Dr. Frances Pinter talks about the ways in which “academic publishing needs to transform itself to respond to the opportunities and challenges of the digital age” in a one-hour seminar at the University of Oxford.
Video Credit: The Oxford Internet Institute
In the article I Sold My Undergraduate Thesis to a Print Content Farm, Joseph Stromberg shares his experience of how his undergraduate thesis was turned into a printed copy. He confessed that his initial purpose for selling the thesis was to get the “sheer pleasure of documenting and sharing the experience”. Unfortunately, for Stromberg, his experience with Lambert Academic Publishing did not turn out to be a delightful glance into the academic publishing landscape.
Driven by curiosity, Stromberg then found out about certain publishing houses who are using some “unethical and deceitful” means of publishing free content obtained from the Internet, transforming theses into books with no selection process, no editing, and essentially no proofreading, and even “selling the books back to their authors after they’ve already signed away the rights”.
Stromberg ends the article with a humorous anecdote of how he inserted an irrelevant sentence into his published book, but I finish the article with my heart heavy. More than one year ago, I embarked on an endeavour of publishing undergraduate essays in digital form, and I was lucky enough to receive full support from the university. At some points, I was worried about being part of this Open Access journal entrepreneur, some of whose models have become the woe of many academics, but we never undertook such notorious strategy in exchange for profit. We are fortunate to have a competent editorial team who dedicatedly carry out the entire publishing process, and a publicity team who actively advocate the value of undergraduate publishing through launching partnership programme with several leading publishers. Of course, as a publishing business, profit is one of the priorities; call me idealistic, but we as publishers shall never forget our initial aspiration of spreading knowledge, not to mention that we must run the business legally and ethically.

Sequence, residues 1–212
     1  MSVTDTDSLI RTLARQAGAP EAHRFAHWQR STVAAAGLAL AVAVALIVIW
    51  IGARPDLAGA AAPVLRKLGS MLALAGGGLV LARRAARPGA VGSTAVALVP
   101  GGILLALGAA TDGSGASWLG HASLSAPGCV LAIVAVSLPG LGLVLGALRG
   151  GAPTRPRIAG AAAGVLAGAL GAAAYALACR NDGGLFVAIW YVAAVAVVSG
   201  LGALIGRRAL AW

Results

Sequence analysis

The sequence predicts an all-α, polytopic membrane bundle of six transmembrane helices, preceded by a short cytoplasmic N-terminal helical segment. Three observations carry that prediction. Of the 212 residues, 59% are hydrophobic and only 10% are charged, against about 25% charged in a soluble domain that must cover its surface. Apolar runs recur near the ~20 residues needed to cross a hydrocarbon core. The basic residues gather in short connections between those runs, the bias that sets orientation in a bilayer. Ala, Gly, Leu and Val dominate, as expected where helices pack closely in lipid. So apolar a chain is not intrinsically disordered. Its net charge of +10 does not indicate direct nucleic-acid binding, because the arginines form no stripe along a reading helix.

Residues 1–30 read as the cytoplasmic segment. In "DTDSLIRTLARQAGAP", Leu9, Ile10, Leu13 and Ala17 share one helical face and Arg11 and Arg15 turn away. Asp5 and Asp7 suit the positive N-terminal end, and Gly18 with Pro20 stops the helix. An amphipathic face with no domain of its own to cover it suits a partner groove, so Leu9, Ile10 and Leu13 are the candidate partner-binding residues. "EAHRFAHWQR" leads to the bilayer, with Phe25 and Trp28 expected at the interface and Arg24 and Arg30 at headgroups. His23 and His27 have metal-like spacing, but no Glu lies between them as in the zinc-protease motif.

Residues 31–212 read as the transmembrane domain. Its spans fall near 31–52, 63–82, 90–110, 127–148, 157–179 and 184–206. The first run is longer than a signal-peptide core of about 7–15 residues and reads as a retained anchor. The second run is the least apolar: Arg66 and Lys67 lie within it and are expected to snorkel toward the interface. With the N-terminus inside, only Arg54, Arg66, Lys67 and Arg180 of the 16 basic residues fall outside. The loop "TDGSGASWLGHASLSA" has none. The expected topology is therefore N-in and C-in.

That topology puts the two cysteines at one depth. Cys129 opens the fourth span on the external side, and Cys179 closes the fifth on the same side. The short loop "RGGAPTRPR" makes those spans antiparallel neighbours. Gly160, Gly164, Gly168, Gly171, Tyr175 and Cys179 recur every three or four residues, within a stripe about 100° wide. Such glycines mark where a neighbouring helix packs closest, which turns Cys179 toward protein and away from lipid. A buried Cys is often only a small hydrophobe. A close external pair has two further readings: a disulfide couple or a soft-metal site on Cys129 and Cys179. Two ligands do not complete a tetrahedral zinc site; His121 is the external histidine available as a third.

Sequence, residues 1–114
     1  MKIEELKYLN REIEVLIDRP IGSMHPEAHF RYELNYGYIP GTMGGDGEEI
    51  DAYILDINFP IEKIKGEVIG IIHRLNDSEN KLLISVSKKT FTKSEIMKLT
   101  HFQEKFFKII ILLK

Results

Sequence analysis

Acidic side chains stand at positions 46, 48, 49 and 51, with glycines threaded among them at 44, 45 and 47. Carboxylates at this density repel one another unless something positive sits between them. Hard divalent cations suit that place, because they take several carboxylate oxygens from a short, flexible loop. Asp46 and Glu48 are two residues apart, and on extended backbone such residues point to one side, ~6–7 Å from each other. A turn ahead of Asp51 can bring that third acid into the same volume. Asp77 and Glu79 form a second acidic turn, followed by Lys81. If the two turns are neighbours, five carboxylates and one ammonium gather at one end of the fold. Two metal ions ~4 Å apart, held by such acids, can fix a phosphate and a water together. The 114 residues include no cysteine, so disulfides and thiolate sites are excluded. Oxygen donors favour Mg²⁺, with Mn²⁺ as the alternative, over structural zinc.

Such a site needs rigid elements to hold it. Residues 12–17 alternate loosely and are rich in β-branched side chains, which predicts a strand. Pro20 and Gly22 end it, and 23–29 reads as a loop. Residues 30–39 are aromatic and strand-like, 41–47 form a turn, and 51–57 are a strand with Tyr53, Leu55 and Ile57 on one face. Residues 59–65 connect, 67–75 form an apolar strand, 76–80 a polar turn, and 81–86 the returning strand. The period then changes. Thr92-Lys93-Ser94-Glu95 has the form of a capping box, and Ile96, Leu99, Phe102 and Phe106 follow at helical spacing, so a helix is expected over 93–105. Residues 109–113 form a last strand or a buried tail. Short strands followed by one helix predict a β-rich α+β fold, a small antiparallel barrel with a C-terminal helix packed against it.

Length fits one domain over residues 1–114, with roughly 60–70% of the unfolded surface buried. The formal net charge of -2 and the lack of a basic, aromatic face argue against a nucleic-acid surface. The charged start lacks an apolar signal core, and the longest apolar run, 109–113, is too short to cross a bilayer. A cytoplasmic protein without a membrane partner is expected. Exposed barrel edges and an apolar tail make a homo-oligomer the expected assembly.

Image Credit: Joseph Stromberg for Future Tense/slate.com